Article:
It’s been 15 years since 9/11, the most devastating attack to hit U.S. soil. Nearly 3,000 people died in the assault, which was orchestrated by al Qaeda terrorists. On Sept. 11, 2001, hijackers seized four passenger planes and crashed them into the north and south towers of the World Trade Center in New York City, the Pentagon in Virginia and a field in Pennsylvania.

Sound bites from that tragic day have been compiled together to remind us of the horror and shock that engulfed 9/11.

During the attacks 



“What do I tell the pilots to do?” - Barbara Olson, CNN commentator and a passenger on American Airlines Flight 77 during a cellphone call to her husband, Solicitor General Theodore Olson.

“We have some planes. Just stay quiet and you will be okay. We are returning to the airport. Nobody move, everything will be okay. If you try to make any moves you'll endanger yourself and the airplane.” – Mohamed Atta, American Airlines Flight 11 hijacker pilot, heard on a radio transmissionwhile intending to send a message to the passengers.

“Something is wrong. We are in a rapid descent... we are all over the place. ... I see water. I see buildings. We are flying low. We are flying very, very low. We are flying way too low. ... Oh my God, we are way too low... Oh my God, we're —” – Flight attendant Madeline Amy Sweeney describing the hijacking of American Airlines Flight 11 at the end of her phone call to a supervisor.

"Are you guys ready? Let's roll." - Flight 93 passenger Todd Beamer, apparently as a signal to other passengers to attack the hijackers.

"We're young men; we're not ready to die." - Kevin Cosgrove, a business executive who was on the 105th floor of the south tower moments before it collapsed.

"Hi, this is the captain. I would like you all to remain seated. There is a bomb on board and we are going back to the airport ... Please remain quiet." – Hijacker aboard United Flight 93, which crashed near Shanksville, Pennsylvania.

"We may have a hijack. We have some problems over here right now." – Air traffic controller on the ground on Long Island shortly after the first plane struck the north tower.

"Numerous civilians in all stairwells, numerous burn [victims] are coming down. We're trying to send them down first… We're still heading up.” – Capt. Patrick Brown, whose company had climbed to the 35th floor of the north tower a half-hour before the first collapse.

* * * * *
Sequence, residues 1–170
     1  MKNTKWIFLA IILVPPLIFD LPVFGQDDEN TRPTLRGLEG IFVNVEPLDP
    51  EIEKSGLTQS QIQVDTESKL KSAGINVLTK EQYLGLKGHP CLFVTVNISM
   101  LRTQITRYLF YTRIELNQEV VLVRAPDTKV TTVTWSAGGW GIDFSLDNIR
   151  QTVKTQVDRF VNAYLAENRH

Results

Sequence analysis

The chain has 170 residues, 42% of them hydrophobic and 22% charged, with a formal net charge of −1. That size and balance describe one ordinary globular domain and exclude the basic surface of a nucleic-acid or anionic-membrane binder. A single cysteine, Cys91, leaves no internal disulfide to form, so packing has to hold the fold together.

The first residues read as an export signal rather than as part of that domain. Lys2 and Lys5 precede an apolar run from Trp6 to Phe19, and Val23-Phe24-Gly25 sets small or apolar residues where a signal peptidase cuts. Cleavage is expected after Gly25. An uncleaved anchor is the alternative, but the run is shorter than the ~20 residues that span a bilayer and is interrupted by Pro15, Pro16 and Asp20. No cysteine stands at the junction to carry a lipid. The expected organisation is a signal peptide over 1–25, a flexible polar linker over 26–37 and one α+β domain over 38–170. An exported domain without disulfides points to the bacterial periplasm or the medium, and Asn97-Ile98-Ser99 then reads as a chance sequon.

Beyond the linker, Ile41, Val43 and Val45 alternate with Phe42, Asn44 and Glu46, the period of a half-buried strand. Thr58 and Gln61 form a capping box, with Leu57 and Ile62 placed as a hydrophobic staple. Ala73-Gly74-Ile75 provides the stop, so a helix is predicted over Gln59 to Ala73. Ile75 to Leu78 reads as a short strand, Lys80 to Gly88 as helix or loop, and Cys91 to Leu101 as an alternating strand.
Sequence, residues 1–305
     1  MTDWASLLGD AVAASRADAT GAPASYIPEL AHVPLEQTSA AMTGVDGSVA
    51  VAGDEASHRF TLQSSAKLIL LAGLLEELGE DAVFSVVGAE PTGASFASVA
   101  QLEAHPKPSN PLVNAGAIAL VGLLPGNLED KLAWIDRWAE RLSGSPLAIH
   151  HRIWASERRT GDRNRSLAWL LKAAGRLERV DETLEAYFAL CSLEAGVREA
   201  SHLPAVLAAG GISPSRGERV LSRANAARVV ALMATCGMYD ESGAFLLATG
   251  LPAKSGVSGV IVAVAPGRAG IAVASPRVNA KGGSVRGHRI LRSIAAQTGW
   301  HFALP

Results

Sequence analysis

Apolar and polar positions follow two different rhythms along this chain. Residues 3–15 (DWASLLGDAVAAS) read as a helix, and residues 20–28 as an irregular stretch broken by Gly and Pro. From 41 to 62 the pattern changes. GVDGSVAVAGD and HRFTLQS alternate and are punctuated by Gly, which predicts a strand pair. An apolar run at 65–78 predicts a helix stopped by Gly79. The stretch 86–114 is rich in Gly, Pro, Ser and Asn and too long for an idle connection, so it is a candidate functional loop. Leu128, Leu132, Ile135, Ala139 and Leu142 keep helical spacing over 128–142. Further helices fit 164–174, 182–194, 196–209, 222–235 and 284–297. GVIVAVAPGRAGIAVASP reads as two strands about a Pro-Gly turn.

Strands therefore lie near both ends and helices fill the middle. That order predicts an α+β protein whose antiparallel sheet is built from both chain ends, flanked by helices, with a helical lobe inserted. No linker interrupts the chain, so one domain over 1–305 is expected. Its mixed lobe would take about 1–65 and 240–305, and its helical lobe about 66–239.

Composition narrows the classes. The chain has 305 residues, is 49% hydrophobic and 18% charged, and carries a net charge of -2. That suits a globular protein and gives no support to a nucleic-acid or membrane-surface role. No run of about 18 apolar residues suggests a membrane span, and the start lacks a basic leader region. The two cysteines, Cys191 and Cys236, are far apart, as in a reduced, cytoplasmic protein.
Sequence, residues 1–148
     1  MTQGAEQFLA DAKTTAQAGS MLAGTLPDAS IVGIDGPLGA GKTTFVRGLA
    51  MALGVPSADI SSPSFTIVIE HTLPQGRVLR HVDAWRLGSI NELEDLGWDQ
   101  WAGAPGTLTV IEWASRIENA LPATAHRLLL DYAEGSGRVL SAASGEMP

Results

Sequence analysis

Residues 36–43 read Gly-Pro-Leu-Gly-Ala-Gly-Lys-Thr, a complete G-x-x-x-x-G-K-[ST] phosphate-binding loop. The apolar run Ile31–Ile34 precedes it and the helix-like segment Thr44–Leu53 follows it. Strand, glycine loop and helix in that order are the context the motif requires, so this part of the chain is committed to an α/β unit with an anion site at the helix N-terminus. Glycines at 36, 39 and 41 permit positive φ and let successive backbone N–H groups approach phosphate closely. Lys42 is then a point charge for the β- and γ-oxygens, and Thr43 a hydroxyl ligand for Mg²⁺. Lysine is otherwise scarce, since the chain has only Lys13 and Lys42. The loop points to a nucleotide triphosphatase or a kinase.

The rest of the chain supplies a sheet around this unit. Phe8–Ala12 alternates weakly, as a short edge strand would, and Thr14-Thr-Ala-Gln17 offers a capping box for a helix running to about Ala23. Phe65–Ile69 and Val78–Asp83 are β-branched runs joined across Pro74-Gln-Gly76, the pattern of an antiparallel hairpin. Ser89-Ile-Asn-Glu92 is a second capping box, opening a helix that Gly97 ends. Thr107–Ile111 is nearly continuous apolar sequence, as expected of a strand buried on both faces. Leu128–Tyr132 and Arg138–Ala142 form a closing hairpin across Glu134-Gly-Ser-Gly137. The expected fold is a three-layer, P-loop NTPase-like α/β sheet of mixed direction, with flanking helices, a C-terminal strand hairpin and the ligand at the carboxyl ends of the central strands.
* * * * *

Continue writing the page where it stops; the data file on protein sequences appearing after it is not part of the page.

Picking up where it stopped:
Day of the attacks

"The number of casualties will be more than most of us can bear." - Then-New York City Mayor Rudolph Giuliani.

“Today, our fellow citizens, our way of life, our very freedom came under attack in a series of deliberate and deadly terrorist acts. The victims were in airplanes or in their offices: secretaries, business men and women, military and federal workers, moms and dads, friends and neighbors. Thousands of lives were suddenly ended by evil, despicable acts of terror. The pictures of airplanes flying into buildings, fires burning, huge -- huge structures collapsing have filled us with disbelief, terrible sadness and a quiet, unyielding anger. These acts of mass murder were intended to frighten our nation into chaos and retreat. But they have failed. Our country is strong. A great people has been moved to defend a great nation.”  - U.S. President George W. Bush.

“We’re going to find out who did this and we’re going after the bastards.” - Sen. Orrin Hatch, R-Utah.

Since the attacks 



“What separates us from the animals, what separates us from the chaos, is our ability to mourn people we’ve never met.” – Author David Levithan in his book “Love is the Higher Law.”

“Sept. 11, 2001 seems destined to be the watershed event of our lives and the greatest test for our democracy in our lifetimes.” – Lt. Col. Shelton F. Leskford, U.S. Marine Corps in 2008.

“'Most of the time it was even - right in line with the window we were staring out of. Then it was almost on us. I could make out the seams on the wings and all the American Airline markings. 'I looked right into the cockpit but I couldn't really make out the figures. They were tiny windows and the sun was shining on them. Maybe I eyeballed Mohammed Atta, the hijack pilot, but I can't be sure.'” – Survivor Fred Eichler.